What Is Nitrate Poisoning?
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Nitrate Poisoning and Its Impacts

Published on May 02, 2023 and last reviewed on Aug 17, 2023   -  5 min read


Nitrate poisoning occurs due to consumption of contaminated drinking water or excessive consumption of nitrate-rich foods. Read the article below to know more.


When nitrates or nitrites are consumed in large quantities, it can lead to nitrate poisoning in humans. Consuming nitrate contaminated food or water, as well as coming into contact with industrial chemicals and agricultural fertilizers, can all result in nitrate poisoning. In certain situations, this illness can be life-threatening and cause serious health problems.

What Are the Causes of Nitrate Poisoning in Humans?

Natural substances known as nitrates and nitrites are found in the environment, including in soil, water, and air. When chemicals enter the body, exposure occurs. Nitrate and nitrite exposure can happen in a number of ways:

1. Drinking Water

  • Water is the primary source of nitrates and nitrogen-based fertilizers that leak into shallow drinking water wells, which are typically found in rural areas.

  • Other nitrate sources include animal waste and malfunctioning sewage systems. Nitrate poisoning can occur in infants who are bottle-fed when nitrate-contaminated drinking water is used to dilute formula.

2. Diet

3. Preservatives

  • They are frequently employed as preservatives in the food sector to stop bacterial development. Bacteria in the body convert nitrates to nitrites, and too much nitrite in the body can be hazardous.

4. Other Drugs

  • Such as creams used to treat burns, are another cause of nitrate exposure.

What Are the Potential Hazards Caused by Nitrates?

Nitrates come in a variety of forms, and they all react differently in the body. It is sometimes forgotten that the inorganic nitrates present in contaminated well water are a source of nitrate exposure that can have major negative consequences on health.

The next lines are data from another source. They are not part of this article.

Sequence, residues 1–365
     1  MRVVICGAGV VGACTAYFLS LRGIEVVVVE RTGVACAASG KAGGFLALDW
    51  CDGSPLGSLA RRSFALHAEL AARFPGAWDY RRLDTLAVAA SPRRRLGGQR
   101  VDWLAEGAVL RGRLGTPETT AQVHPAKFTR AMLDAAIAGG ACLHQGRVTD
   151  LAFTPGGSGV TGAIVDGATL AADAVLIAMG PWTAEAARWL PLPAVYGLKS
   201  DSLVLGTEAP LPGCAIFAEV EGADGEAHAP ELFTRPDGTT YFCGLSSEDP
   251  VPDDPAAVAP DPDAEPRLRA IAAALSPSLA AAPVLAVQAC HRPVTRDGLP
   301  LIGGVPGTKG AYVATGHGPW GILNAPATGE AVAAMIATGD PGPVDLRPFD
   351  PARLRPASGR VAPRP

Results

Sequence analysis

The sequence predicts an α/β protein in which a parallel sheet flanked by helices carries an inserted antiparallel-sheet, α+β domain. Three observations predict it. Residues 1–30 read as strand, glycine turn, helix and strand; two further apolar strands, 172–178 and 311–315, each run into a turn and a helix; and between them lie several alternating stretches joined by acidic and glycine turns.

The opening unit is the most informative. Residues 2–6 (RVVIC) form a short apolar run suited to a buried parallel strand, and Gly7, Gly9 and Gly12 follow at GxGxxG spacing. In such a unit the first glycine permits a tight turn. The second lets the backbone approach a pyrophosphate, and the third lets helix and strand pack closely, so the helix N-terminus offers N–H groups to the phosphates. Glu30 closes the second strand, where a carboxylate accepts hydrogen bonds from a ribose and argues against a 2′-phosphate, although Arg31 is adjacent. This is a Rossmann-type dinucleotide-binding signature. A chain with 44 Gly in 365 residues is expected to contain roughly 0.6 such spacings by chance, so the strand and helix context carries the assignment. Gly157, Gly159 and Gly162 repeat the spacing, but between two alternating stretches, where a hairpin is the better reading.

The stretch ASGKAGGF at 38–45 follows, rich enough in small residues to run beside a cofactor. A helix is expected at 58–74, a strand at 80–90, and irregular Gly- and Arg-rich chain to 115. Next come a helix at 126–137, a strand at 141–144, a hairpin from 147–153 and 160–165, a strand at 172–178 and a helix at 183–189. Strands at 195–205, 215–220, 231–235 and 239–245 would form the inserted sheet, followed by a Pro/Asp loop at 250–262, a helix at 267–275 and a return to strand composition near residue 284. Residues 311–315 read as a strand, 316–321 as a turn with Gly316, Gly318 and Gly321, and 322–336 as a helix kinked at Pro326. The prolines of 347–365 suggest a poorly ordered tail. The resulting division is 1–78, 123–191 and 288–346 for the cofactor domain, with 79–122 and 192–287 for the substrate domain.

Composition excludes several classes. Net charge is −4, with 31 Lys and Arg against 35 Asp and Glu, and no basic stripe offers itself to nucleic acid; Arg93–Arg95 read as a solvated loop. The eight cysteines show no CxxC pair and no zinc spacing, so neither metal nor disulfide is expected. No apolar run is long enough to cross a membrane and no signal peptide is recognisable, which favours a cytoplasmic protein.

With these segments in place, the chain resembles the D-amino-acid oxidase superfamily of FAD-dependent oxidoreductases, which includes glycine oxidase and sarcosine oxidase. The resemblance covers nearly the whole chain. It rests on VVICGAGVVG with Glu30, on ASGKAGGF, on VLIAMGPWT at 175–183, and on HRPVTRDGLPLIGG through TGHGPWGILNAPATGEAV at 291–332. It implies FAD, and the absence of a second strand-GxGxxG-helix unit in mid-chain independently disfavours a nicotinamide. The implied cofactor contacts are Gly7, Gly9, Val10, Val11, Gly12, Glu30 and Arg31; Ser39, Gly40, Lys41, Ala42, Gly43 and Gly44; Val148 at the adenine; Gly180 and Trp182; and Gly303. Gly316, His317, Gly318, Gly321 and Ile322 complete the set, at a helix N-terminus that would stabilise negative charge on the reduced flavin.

Common Symptoms Include

  • Bluish skin from a lack of oxygen (often initially detected around mouth/lips) is one sign of nitrate/nitrite poisoning.

  • Breathing difficulties; nausea, vomiting, and diarrhea; dehydration (caused by a loss of body fluids);

  • A quick heartbeat, lightheadedness, weakness, coma, and convulsions.

Usually, nitrates that are consumed or drunk enter the body do no harm. However, occasionally, illnesses like diarrhea and dehydration (a body's lack of fluid) can result nitrates to convert into nitrites in higher quantities.

Other Adverse Effects Include

  • Formation of Methemoglobin: These nitrites in the blood alter hemoglobin, or the molecules that assist in transporting oxygen throughout the body. Because of nitrates, the body may have less oxygen available for effective operation. This condition is referred to as methemoglobinemia

    • Methemoglobinemia Levels of 30 % to 40 %: Early symptoms of toxicosis include a rapid, weak heartbeat with a lowered body temperature, muscle tremors, weakness, and ataxia.

    • Methemoglobinemia Levels of 60 %: Lethargy, convulsions, and coma are caused by hemoglobin levels of 60% or more.

    • Methemoglobin Levels above 70%: These are often considered fatal, can lead to coma, convulsions, and death, while certain cases of survival have been documented at levels as high as 94%.

  • Blue Baby Syndrome: Infants are more at risk for methemoglobinemia brought on by nitrate poisoning because of the increased percentage of fetal hemoglobin in their blood, which is more easily oxidized. The disease known as "blue baby syndrome," which causes the skin to become blue owing to the presence of methemoglobin in the blood, can affect infants.